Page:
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Davis: Energy and People Are Equalizers in Guv Contest

Democratic gubernatorial nominee Wendy Davis on Saturday morning dismissed those who argue it might be too late to turn the race around.

Texas gubernatorial hopeful Wendy Davis addresses delegates at the Black Caucus at the 2014 Texas Democratic Convention held at the Dallas Convention Center in Dallas, Texas, June 27, 2014.

DALLAS — Democratic gubernatorial nominee Wendy Davis on Saturday morning dismissed those who argue it might be too late to turn the race around.

“I say that’s absurd,” she said, promising she would have the resources needed to challenge successfully the GOP nominee, Greg Abbott.

On the heels of her Friday night keynote address at the Texas Democrats’ state convention, Davis addressed a party fundraiser breakfast on Saturday morning.

Speaking to reporters after her remarks to the early-rising party faithful, she tried to put context on the current contest, where the most recent polling by the University of Texas and the Texas Tribune has her down by double digits.

To win her seat in the state Senate, Davis had to “run two very tough campaigns … and in the first one I was further behind than this.”

Her campaign is committed to reaching out to voters who traditionally don’t vote in gubernatorial years, she said. “I trust that people are going to commit the energy to make this happen. I truly do, and I can see that as I travel around the state in a way that can’t be measured by polls that only asks likely voters based on their past behavior what they might do this time.”

Voters tend to be less focused on elections in the summer months, but with the primary contests in the rearview mirror, “people are looking up now and saying, ‘Who are our choices?’ I have wanted to make sure that they understand the very distinct differences between me and Greg Abbott and I will continue to point out those distinct differences as we go along,” Davis said.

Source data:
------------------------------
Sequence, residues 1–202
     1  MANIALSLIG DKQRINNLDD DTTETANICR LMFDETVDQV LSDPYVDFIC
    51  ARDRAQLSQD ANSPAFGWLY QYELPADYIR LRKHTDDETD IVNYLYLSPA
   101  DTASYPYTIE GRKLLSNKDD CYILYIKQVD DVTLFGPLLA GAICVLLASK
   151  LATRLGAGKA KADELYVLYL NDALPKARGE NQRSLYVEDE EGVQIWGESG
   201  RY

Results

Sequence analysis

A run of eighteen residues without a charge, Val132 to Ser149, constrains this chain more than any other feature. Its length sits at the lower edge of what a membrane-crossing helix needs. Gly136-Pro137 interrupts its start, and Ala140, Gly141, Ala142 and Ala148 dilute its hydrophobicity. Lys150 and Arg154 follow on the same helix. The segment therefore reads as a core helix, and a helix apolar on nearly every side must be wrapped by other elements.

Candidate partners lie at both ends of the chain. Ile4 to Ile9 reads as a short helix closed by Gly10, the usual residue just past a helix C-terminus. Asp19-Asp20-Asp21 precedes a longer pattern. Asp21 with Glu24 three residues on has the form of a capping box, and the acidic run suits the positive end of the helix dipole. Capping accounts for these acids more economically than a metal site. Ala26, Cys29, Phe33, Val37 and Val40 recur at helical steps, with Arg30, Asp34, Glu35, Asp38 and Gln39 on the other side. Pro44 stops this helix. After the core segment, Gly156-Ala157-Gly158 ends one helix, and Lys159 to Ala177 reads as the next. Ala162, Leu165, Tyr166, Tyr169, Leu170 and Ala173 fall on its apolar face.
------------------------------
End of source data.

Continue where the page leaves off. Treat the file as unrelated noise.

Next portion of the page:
Abbott this week made a base buy of $10 million for airtime to run ads in October in the state’s four major media markets, sending a clear signal as to the level of resources the well-funded Republican will bring to the general election contest.

Davis countered this morning that she expects to be competitive in raising money and that she will rely on people power to make up for any gap.

“We’re going to have the resources that we need and we are going to be competitive not only on television but I can assure you this: there’s no way he can match us on the ground,” she said. “We’ve already got 18,000 people volunteering on the ground for us in this campaign and it’s only June. And as we get closer and closer to the election, I expect that that number will increase dramatically.”

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